At John Hopkins, treatment for eating disorders occurs in a variety of settings: inpatient, partial hospitalization, off-campus residence and outpatient clinic. Program directors explain how the team uses a behavioral approach to intervention, treatment and recovery; the role of parents in treating young people; and how to think about being ready.Treatment Overview
We offer a continuum of care designed to meet every patient's needs. This includes inpatient, day hospital, outpatient, and full consultation services.
Thank you for intervening at a critical moment in my life. A year ago I believed recovery was impossible. I am truly amazed at what I have been able to accomplish with the help of your program. — Patient
What you see in your child is this behavior that is irrational - you feel both helpless and to blame. The expert care we received at Johns Hopkins empowered my two daughters to fight their eating disorder and equipped our family with the tools to understand it and to help them succeed. — Parent of Patient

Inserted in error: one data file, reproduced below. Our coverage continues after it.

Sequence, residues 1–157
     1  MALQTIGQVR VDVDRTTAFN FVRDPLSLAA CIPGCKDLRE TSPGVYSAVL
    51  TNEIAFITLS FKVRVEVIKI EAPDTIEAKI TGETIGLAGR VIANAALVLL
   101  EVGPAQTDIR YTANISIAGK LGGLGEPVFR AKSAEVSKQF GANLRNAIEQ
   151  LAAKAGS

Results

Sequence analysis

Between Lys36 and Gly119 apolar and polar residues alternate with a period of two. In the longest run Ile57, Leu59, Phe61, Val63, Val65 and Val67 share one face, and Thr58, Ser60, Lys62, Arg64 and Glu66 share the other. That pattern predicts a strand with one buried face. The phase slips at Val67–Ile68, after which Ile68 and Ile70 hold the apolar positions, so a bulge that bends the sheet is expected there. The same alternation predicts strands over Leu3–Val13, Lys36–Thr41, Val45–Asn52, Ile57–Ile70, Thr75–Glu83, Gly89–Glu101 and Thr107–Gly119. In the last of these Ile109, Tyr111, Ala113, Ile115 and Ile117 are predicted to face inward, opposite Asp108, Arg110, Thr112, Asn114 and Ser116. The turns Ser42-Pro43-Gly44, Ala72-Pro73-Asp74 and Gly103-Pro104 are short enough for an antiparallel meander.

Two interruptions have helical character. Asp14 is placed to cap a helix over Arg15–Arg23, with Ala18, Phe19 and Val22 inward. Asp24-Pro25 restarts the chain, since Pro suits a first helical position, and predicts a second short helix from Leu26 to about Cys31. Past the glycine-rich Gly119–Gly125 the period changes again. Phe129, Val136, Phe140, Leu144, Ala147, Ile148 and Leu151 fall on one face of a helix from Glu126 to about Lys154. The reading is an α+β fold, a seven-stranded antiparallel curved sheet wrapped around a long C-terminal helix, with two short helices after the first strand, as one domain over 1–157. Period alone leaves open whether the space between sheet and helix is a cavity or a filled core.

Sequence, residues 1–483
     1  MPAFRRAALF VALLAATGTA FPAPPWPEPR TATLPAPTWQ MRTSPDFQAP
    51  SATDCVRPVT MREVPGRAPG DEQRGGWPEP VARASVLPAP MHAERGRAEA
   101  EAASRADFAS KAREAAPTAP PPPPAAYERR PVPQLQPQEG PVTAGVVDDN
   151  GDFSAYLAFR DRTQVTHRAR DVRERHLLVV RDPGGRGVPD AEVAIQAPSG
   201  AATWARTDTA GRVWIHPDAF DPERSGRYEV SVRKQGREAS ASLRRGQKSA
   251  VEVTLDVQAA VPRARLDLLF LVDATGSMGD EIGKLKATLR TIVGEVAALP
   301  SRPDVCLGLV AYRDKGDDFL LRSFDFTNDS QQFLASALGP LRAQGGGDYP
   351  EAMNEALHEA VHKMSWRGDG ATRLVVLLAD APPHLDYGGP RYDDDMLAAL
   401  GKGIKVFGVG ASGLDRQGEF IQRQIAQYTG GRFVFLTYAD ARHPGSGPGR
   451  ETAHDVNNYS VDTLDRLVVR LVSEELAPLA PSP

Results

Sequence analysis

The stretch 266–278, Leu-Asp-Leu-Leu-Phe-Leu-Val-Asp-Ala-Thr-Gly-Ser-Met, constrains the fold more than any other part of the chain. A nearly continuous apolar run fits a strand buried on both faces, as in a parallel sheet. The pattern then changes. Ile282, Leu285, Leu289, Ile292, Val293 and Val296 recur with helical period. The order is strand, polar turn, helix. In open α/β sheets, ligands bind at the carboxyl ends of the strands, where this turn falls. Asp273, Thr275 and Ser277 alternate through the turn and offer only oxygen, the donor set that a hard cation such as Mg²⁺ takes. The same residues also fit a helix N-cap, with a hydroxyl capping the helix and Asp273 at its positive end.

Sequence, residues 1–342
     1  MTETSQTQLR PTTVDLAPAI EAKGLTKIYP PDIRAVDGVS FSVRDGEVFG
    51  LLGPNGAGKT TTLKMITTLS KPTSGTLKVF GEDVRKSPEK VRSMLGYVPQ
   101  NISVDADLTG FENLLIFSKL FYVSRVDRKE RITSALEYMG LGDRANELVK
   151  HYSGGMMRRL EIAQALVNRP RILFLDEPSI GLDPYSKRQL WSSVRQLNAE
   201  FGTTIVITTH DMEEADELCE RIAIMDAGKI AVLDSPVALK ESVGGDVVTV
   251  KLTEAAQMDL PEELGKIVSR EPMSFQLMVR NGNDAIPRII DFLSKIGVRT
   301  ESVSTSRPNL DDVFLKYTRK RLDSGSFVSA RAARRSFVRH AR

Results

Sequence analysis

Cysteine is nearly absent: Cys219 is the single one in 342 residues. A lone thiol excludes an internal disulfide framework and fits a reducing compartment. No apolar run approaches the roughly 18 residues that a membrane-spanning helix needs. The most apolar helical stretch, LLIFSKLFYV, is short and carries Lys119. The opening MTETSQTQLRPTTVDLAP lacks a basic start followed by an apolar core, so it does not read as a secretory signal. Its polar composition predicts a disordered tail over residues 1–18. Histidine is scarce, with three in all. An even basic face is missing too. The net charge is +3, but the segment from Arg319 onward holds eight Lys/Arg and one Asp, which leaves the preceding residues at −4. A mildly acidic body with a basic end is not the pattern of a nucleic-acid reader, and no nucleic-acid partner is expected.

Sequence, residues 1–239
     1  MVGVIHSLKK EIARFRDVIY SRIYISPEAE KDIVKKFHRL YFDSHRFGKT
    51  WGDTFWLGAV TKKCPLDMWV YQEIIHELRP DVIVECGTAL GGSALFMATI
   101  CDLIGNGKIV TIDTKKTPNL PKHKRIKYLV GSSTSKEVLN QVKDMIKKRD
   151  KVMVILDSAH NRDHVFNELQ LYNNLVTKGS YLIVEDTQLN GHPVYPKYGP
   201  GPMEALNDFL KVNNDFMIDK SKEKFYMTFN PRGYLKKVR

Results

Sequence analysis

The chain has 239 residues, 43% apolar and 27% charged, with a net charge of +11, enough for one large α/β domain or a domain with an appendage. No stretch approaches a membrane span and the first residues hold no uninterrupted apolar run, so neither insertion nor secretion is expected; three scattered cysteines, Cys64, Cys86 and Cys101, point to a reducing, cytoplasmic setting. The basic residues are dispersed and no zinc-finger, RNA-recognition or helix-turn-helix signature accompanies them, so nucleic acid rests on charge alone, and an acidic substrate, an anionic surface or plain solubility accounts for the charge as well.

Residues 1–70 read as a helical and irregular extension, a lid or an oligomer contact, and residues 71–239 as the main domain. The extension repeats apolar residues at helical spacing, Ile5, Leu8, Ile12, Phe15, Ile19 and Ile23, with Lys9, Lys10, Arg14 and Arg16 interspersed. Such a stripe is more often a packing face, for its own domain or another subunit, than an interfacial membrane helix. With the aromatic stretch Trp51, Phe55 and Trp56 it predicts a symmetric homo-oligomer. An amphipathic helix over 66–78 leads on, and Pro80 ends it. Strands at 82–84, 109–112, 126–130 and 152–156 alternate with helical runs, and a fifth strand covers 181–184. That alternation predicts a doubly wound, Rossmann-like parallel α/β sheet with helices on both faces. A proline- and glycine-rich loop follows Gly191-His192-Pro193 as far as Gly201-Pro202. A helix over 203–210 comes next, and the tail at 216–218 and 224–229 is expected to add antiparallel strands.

Letters from Patients and Families
“I have recently celebrated my 10th year in recovery, and I believe that the help I received through your treatment program and staff has helped me to be the “healthy” person I am today. I realize that it was a combination of factors that led to my success at Johns Hopkins, and that perhaps, at a different facility things might have worked out differently. The program, the staff, the approach (which I view as a more behavioral/cognitive approach) were key elements, coupled with my own motivation, that helped put me on the road to recovery….I have maintained a healthy weight since my treatment at JHH, and I have been physically and emotionally healthy [enough] to give birth to a child. I have been a therapist in the past and teach Psychology. I think about my stay at Johns Hopkins often and feel fortunate that there was a program such as the one you have, to meet my needs. The fulfilling life I lead today was not an option prior to my treatment.” --- patient